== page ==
The government of outgoing President Muhammadu Buhari dealt illegally with the central bank, which was a willing ally in the controversial ways and means borrowing but the plans to securitise the N22.7 trillion loan has also now been caught in a debate over whether the law is being broken.
In a May 4, 2023 note to the public, the Debt Management Office said the securitisation will have a 40-year tenor with a moratorium of three years, attract an interest rate of 9 percent per year and that the “the securities will be issued to the Central Bank of Nigeria by the federal government.”
Experts have cried foul, saying a debtor cannot sell what he is owing to the lender and even more so the Central Bank of Nigeria Act prohibits such a transaction in which the apex bank is a direct party to a transaction involving ways and means securitisation.
What the law says
Section 38, sub-section 3(b) of the CBN Act 2007 states: “…no repayment shall take the form of a promissory note or such other promise to pay at a future date or securitisation by way of issuance of treasury bills, bonds, certificates or other forms of security which are required to be underwritten by the bank.”
One expert said one way out of the legal quagmire will be for the bonds to be sold to Nigerian banks which may ultimately resell to the central bank in several ways. The central bank can do this by reaching an understanding with the banks to fund the bond purchase from what they currently hold as cash reserve ratio with the apex bank and earn up to 9 percent compared to the zero percent they can get for the cash sterilised by the regulator.
Otherwise, the National Assembly must amend the CBN Act for the planned bond sale to happen, one analyst said.
The debt owed by the Federal Government to the CBN ballooned in recent years as the Buhari administration went into a borrowing binge partly to fund an overbloated public service.
The debt owed to the central bank ballooned to N23.77 trillion as of October 2022, more than 30 times what Buhari met in 2015. It was N789.67 billion when President Goodluck Jonathan left office.
One of the provisions of the CBN Act, 2007 mandates that in the event of a revenue shortfall, the CBN must not lend to the Federal Government an amount more than 5 percent of the previous year’s revenue of the government.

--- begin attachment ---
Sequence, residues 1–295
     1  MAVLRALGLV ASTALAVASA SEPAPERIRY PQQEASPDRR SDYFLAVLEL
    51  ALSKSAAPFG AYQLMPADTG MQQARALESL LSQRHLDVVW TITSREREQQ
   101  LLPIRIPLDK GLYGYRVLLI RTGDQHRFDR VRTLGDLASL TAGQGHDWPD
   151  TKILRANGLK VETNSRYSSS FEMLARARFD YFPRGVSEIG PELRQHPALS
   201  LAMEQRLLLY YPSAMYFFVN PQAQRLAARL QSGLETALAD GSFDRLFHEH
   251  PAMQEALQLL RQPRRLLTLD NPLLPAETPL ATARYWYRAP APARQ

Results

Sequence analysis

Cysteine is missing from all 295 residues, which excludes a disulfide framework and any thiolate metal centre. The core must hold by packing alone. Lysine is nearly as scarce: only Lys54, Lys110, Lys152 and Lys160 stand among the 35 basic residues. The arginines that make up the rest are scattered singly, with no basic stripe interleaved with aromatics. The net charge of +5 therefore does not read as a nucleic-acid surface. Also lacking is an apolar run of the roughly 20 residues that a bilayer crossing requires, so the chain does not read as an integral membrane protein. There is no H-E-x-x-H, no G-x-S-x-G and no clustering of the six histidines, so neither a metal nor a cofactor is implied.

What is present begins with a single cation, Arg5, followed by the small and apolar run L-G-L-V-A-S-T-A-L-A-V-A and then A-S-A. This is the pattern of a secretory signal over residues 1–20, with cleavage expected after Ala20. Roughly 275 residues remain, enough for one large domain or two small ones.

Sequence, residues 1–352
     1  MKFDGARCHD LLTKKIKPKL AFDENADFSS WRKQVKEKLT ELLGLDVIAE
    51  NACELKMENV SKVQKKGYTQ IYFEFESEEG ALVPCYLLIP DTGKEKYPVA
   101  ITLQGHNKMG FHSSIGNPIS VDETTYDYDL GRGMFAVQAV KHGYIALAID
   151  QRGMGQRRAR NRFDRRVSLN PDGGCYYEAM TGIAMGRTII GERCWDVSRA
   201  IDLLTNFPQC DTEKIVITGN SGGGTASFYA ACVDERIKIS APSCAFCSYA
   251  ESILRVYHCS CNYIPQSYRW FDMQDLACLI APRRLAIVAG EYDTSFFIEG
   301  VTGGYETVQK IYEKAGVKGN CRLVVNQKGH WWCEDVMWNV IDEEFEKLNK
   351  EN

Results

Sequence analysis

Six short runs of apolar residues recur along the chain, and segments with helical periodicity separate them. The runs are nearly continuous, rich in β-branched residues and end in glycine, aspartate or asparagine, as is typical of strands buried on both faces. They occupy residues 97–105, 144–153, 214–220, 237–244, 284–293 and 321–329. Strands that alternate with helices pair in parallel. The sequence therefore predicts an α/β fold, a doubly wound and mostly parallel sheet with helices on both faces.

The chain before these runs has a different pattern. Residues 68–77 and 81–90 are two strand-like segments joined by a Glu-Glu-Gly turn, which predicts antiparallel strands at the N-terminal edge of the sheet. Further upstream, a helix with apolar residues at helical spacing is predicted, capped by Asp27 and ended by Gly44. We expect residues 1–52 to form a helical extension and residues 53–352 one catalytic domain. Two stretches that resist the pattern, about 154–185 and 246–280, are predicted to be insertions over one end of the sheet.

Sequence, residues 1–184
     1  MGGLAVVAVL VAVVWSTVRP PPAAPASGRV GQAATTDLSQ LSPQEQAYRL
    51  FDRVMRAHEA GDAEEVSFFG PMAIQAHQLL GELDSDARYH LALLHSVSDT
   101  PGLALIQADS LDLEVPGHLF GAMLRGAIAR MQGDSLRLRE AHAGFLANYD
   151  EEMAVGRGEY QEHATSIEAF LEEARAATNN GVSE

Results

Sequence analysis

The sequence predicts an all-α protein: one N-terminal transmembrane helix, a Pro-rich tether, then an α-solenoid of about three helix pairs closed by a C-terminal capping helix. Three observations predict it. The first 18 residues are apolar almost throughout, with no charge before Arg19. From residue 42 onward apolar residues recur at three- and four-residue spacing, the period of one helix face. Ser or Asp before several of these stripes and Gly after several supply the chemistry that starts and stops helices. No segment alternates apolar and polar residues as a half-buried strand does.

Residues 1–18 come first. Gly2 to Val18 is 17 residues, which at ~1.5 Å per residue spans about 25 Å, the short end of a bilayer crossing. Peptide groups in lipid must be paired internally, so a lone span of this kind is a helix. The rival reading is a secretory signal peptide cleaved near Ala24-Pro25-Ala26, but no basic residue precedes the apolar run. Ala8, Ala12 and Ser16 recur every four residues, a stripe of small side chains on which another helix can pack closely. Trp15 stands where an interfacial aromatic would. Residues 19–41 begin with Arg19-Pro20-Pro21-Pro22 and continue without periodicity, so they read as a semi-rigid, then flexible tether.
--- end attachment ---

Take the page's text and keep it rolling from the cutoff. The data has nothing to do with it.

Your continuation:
That section of the CBN Act aims to prevent the overreliance of the central government on CBN financing, instead of opening up the economy to boost domestic investments as well as attract foreign direct investments.
Section 38 of the CBN Act states: “Notwithstanding the provisions of the section 34(d) of this Act, the Bank (CBN) may grant temporary advances to the Federal Government in respect of temporary deficiency of budget revenue at such rate as the Bank may determine. The total amount of such advances outstanding shall not at any time exceed five (5) percent of the previous year’s actual revenue of the Federal Government.
“All advances shall be repaid as soon as possible and shall, in any event, be repayable by the end of the Federal Government financial year in which they are granted and if such advances remain unpaid at the end of the year, the power of the bank to grant such further advances in any subsequent year shall not be exercisable, unless the outstanding advances have been repaid.”
Olaolu Boboye, a fixed-income analyst at Lagos-based CardinalStone Limited, said total government debt would increase and the loan would be subject to market factors such as interest rate risks.
Planned issuance of N22.7trn bonds to CBN seen as illegal
Boboye said the N20 trillion is bigger than the entire pension fund in the market, and the market might not be ready to take the N20 trillion at once, adding that the government would need to spread the amount over a period of time, maybe two to three years.
Gbolahan Ologunro, a senior research analyst at Cordros Securities, said over the years, there has been an increased focus on the government to reduce its reliance on the CBN, “so it is not unexpected that the government has decided to securitise the N20 trillion debt”.
Ologunro said the government has breached the CBN Act several times with ways and means advances exceeding the 5 percent revenue threshold, adding that it would be more precarious if steps are not taken to reduce the overdraft facility with the CBN.
He said: “The conversion would add further uptick in market yields which would not be favourable to debt servicing. We are likely to see further financing for debt servicing, just as the 2023 budget has shown.
“Furthermore, taking that huge debt from the central bank would send signals to international communities on the monetary policy framework. Overall, we shouldn’t see a further increase in the overdraft facility.”